Everything above should give you a good picture. Warm spices, creamy, sweet.
For me, chai makes me think of a crisp fall morning, while there's still a slight chill in the air. The crunch of fall leaves underfoot. Curled up on the porch with a throw blanket and a good book. Snuggles on a Sunday morning on the couch.
(And this dirty chai pairs really well with some spicy chorizo breakfast tacos on Sunday morning, if I do say so myself!)
What makes it dirty
A chai latte is made by mixing steamed milk with black tea that has been infused with spices. The drink is then topped with foam.
The spices used will vary from recipe to recipe, although the mix commonly includes warm spices like nutmeg, cinnamon, cloves, and allspice. If you want to make your own chai spice, you can find a recipe for that here!
So, dirty chai is coffee shop speak for adding one or more shots of espresso to the chai latte.
Why it's called a dirty chai
Because espresso is a strongly brewed, dark coffee, similar to the color of 'dirt', it is is making the chai 'dirty.'
Fear not, there is no actual dirt in your chai latte!
The easiest dirty chai latte recipe
Coffee shops and baristas use a lot of fancy words and a lot of fancy tools. And don't get me wrong, I love the occasional coffee house dirty chai.
That said, sometimes I just want to stay at home. The price alone makes a huge difference for me - I want a dirty chai without all the muss and fuss, something I can put together quickly and easily without a steamer or frother or espresso machine.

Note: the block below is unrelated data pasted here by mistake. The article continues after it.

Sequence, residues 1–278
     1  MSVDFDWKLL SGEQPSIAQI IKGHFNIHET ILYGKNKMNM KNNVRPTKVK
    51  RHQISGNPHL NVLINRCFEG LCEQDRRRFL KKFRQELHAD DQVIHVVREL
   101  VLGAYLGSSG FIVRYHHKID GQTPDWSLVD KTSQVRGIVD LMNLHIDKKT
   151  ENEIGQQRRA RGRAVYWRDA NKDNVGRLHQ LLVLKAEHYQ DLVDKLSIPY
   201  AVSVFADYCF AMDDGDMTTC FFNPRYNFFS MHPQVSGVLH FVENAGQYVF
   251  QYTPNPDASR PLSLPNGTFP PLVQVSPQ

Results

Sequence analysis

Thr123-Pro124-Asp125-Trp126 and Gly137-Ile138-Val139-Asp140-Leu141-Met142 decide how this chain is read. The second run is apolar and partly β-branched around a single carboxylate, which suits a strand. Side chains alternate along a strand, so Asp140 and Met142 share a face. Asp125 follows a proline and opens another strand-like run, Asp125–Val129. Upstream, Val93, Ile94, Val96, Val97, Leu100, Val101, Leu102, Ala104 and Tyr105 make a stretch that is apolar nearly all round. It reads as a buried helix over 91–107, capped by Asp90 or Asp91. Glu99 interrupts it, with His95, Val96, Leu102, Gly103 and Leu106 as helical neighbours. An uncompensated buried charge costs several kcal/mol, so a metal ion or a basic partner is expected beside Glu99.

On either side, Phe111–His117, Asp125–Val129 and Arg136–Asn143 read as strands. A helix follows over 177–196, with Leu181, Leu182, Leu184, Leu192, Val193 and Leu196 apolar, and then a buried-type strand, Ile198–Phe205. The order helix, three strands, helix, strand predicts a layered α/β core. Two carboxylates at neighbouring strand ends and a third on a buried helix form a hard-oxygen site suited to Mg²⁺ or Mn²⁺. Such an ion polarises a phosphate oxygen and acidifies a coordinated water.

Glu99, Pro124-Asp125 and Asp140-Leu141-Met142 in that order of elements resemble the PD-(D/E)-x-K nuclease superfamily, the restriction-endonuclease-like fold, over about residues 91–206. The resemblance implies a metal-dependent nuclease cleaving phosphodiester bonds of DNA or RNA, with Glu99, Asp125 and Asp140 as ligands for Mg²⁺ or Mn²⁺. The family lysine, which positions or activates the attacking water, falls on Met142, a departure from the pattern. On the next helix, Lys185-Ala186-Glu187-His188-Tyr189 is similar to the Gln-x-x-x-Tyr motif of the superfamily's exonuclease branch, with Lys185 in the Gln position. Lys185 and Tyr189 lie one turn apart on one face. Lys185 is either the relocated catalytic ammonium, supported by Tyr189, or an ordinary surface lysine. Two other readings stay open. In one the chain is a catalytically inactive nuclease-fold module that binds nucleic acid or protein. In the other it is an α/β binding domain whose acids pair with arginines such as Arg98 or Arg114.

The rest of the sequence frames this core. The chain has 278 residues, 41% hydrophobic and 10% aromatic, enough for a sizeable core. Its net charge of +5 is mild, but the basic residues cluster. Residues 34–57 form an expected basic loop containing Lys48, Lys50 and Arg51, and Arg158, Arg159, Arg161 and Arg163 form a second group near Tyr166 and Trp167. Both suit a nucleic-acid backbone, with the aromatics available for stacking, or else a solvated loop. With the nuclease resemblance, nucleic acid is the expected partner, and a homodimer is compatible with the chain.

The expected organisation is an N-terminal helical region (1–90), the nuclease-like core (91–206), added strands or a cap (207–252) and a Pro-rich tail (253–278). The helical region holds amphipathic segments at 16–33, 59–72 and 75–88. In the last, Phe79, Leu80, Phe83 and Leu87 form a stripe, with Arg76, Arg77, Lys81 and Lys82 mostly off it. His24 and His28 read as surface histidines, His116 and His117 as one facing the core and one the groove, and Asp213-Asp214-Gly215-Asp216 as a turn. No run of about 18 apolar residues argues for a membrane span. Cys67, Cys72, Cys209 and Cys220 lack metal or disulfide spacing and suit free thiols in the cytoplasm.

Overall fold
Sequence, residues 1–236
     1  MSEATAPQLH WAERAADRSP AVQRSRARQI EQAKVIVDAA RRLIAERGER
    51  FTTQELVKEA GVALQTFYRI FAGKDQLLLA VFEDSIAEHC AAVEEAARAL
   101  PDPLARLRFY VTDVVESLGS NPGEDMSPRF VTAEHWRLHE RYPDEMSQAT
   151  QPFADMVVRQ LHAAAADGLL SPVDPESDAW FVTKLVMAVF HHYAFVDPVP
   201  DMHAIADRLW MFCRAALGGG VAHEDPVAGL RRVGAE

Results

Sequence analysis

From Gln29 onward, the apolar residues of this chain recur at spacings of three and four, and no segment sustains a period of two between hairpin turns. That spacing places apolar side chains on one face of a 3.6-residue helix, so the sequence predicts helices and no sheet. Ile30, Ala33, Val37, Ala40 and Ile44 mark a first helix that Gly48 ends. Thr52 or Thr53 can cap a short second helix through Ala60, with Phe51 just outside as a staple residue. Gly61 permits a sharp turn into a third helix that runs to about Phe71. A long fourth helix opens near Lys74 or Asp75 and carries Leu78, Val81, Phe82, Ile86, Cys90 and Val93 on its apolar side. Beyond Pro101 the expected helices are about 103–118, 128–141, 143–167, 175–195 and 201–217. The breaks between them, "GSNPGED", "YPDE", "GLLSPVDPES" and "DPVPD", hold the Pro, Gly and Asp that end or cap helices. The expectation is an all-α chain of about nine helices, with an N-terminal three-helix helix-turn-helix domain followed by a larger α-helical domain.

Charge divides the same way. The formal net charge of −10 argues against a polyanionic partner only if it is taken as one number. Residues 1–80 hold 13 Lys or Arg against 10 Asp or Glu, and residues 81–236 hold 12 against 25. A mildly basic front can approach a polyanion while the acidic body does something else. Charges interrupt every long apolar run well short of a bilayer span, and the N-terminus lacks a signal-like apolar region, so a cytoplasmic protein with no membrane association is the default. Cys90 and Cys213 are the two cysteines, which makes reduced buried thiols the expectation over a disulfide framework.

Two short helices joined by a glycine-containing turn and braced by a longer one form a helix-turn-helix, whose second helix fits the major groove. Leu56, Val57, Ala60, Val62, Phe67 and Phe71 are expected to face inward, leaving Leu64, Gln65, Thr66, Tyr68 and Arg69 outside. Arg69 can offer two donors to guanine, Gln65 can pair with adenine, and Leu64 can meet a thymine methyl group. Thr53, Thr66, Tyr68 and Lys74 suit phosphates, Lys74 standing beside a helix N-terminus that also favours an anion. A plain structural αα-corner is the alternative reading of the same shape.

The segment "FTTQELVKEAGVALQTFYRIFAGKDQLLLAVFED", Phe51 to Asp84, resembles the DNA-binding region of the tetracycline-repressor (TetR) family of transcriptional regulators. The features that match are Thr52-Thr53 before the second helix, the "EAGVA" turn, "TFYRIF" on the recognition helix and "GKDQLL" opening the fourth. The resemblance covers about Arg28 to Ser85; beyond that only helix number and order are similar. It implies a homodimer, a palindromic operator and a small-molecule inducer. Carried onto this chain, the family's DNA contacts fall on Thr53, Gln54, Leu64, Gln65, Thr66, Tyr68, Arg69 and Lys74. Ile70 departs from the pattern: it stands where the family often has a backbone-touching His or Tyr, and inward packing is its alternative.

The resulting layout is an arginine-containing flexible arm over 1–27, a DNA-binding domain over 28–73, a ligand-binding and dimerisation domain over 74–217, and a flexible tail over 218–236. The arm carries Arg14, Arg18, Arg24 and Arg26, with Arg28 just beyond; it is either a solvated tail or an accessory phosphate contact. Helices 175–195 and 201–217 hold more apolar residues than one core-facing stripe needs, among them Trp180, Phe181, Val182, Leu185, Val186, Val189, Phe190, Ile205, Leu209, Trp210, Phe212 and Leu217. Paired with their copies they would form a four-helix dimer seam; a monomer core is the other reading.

Most places charge you for the chai, then charge you for each additional shot of espresso (I usually go 2, called a double!) and then charge you again for any alternative or dairy-free milk like almond milk you might want to use. By the time I'm done, my little coffee shop dirty chai has cost me between $8-9. Woof.
Delicious, but not sustainable on my wallet.
Enter, the easiest dirty chai recipe. While it's not going to come to you with a fancy shape or design in your milk, you'll still get the flavors of a creamy chai latte spiked with a bit of a strong coffee flavor.
And, it will only take you 5 minutes to put together.
How to make a dirty chai latte at home the easy way
I use coconut sugar in this recipe as well as an oat milk creamer that I use in my morning coffee (no, oat creamer is not paleo, but it's the best dairy-free creamer I have found as a substitute for half and half!)
You're going to put some water on to boil. While that's heating up, add your tea bag, your coconut sugar (or sweetener of choice) and your espresso powder to your mug.
Once your water boils, pour it in the mug over the ingredients. Give it a quick stir, then...